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Lamb by Christopher Moore

Christopher Moore is one of those great "finds," a satirist in the mold (loosely) of Tom Robbins and Doug Adams, with a touch of John Irving's sense of irony and a kind of bullish irreverence that (to religious fundamentalists) would probably come off as extremely offensive and shocking. Lamb is the first book I read by this excellent writer, however, he has written several others, all of which I immediately went out and bought, and all of which were great! Lamb, however, is still my favorite. It centers on the lost years of Christ as seen through the eyes of his childhood pal, Biff (the original inventor of sarcasm and of the martial art specifically designed for boys from Nazareth: Jewdo). A Hollywood pitchman might describe it as a sort of a Jewish Forrest Gump. meets Another Roadside Attraction.

As with my discovery decades ago of Irving's The World According to Garp, I happened to be scanning some new stuff at the bookstore, when I came upon a title that intrigued me: Fluke: Or, I Know Why the Winged Whale Sings (I'm a sucker for bizarre titles). I had never heard of Christopher Moore, but after reading the flyleaf and finding that he had written a satire on the lost years of Christ, I decided on that one for my initiation.

It's hard to say a lot about this book without wanting to reveal a blow-by-blow description of its sweeping progression, historical (Biblical) accuracy, and sensible contemplation of the challenges that Josh (Jesus / Joshua) would have faced. So I have decided not to try. Instead, let me provide a quote from a close friend; a student of world religions and respected scholar, whose world travels and life experience encompass and hold in reverence, not only the spiritual dimensions of human existence, but its scientific and historical aspects as well. In her spare time, Pauline Masterton is also an accomplished poet, and here is what she had to say shortly after I sent her a copy of Lamb:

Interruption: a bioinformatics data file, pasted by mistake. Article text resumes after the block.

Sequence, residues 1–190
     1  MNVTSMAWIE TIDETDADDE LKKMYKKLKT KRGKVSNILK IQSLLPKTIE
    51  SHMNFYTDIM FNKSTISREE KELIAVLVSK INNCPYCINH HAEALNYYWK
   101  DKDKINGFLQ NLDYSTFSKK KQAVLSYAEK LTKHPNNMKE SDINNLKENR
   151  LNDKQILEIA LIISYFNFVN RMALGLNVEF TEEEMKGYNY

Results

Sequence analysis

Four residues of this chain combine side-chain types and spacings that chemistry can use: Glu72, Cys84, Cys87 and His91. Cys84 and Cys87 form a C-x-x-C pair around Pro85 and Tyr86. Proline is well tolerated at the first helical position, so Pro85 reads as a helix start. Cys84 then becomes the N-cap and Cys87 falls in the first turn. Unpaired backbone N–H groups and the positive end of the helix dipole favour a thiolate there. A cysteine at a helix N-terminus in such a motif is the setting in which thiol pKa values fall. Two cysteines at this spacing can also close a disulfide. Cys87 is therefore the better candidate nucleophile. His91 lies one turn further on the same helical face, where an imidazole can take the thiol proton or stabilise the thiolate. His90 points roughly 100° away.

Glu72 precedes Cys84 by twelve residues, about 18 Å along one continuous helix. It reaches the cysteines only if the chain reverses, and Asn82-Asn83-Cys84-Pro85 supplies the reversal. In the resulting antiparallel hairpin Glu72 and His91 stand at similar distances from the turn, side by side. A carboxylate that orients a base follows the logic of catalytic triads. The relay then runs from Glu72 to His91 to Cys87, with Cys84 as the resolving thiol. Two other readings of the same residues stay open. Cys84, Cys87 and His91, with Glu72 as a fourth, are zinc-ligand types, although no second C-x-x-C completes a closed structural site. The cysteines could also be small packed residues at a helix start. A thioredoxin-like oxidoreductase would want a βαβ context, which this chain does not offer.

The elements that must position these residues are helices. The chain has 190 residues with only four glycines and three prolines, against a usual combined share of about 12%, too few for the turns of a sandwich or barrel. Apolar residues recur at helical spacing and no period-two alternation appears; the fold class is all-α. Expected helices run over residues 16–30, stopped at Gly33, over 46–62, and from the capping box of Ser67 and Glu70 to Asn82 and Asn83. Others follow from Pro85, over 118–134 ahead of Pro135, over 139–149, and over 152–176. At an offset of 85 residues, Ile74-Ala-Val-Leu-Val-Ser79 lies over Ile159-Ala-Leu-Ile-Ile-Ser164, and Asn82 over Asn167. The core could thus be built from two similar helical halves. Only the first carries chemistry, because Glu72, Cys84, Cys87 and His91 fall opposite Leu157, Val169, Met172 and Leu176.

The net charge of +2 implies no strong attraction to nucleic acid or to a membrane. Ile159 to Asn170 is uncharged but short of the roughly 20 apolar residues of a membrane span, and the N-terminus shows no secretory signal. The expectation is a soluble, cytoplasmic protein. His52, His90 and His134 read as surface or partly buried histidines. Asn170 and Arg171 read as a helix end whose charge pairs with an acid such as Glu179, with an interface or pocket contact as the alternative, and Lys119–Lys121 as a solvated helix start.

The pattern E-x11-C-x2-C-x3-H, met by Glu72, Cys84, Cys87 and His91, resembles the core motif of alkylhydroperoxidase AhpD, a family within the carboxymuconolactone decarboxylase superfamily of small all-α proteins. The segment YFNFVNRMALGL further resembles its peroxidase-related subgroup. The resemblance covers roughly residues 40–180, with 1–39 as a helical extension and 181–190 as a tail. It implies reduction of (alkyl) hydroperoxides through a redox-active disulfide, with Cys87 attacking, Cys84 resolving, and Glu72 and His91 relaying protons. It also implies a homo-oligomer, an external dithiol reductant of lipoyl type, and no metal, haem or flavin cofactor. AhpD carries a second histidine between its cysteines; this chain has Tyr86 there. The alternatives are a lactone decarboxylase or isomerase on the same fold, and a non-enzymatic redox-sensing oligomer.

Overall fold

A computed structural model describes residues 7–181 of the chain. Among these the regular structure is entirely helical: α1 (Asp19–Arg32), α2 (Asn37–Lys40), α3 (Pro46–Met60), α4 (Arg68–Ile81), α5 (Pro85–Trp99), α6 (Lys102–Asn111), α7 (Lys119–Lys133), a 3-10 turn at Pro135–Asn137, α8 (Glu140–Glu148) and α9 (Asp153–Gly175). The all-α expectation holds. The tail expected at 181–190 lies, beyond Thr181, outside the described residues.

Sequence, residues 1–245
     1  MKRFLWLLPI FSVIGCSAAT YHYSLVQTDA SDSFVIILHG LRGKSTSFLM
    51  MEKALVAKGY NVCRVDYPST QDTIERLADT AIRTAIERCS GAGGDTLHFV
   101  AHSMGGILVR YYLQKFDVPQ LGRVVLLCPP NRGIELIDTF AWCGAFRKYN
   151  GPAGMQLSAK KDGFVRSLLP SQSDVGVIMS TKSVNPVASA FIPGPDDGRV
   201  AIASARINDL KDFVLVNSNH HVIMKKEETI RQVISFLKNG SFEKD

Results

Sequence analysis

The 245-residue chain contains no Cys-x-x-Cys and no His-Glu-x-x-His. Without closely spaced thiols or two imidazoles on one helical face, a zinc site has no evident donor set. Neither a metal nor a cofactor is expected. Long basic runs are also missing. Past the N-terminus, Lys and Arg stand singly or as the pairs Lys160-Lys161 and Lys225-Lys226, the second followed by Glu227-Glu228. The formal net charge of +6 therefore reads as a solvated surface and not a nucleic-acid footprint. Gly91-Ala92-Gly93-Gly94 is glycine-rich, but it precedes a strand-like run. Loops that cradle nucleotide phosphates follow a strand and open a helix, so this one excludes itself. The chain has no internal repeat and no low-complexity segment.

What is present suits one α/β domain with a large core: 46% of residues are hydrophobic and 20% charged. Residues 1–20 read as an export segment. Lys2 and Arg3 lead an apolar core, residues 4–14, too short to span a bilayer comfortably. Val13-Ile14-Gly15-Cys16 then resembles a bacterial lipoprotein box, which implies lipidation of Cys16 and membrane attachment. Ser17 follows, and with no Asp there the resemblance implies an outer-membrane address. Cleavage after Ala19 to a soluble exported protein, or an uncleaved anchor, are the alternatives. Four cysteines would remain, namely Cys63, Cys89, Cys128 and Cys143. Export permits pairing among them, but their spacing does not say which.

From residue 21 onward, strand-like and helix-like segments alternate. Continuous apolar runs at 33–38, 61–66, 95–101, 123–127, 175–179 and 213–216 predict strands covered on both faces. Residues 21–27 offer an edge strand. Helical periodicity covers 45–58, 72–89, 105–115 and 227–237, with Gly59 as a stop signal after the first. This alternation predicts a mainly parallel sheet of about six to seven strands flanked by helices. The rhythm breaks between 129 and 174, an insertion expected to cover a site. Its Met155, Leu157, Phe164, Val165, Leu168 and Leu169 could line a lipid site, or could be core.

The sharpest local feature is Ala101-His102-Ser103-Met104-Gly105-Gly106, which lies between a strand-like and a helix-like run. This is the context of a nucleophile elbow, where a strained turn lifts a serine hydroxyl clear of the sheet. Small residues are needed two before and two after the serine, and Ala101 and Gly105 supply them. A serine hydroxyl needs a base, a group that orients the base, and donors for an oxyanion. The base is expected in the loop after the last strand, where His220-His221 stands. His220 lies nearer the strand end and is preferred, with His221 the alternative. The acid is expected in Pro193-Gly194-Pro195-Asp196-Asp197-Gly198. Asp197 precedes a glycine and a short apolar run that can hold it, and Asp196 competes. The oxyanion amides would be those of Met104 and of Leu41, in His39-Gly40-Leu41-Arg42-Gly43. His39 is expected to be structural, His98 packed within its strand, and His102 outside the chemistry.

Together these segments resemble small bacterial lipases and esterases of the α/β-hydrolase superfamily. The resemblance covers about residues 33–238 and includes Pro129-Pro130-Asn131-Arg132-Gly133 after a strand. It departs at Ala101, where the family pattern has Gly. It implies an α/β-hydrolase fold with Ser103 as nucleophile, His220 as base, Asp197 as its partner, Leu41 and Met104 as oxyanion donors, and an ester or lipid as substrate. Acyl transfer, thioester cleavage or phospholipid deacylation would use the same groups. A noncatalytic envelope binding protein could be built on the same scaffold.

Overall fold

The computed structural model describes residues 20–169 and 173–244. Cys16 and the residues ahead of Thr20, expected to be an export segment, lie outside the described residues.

"Wow! I was almost a quarter of the way through [Lamb] and I had to stop myself from gobbling and rushing through [the rest]. Chris's treatment has a little of the flavor of Tom Robbins, but his style is not so extravagantly grandiose -- more self-deprecatingly colloquial. The deep and subtle stuff is couched in throwaway lines, and the satire, which on the surface seems shamelessly irreverent, manifests and evokes an awareness of how difficult it would be to have the burden of a Messianic mission. That is, being fully human, capable of suffering and temptation, but also possessed of awesome powers.... with the responsibility -- but no blueprint -- for fulfilling a mission that is being revealed piecemeal. And with companions like Biff and Maggie devoted to him (but humanly so) he is still subject to all the weakness that flesh is heir to. The scholarship [Biblical accuracy] is also just right, as is the "high concept" and the clever dual plot and settings, especially with that "gift of tongues" trick. I am recommending this book and will be sending copies to several people."

I could not have said it better myself; in fact, I could not possibly have said it as well. And, no, I am not going to tell you what that "gift of tongues trick" is. Such a revelation would only be another giveaway, and I do not intend to give away much here. As for "Maggie," if you can't figure that one out, you need to retrieve that old dog-eared Bible (I assume you have at least one) and go a few rounds with it before you tackle Lamb.

Regardless of your religious affiliation (or lack of same), if you are possessed of an open mind, coupled with a sense of humor, an appreciation for the absurdly possible, and some level of curiosity about the mythical Christ, this book will take you to places of imagination you never knew you could go. Oh, and one last thing: if you are easily offended by a little profanity and sex, don't bother with Lamb. It is far too real for the uptight reader.

Lamb by Christopher Moore


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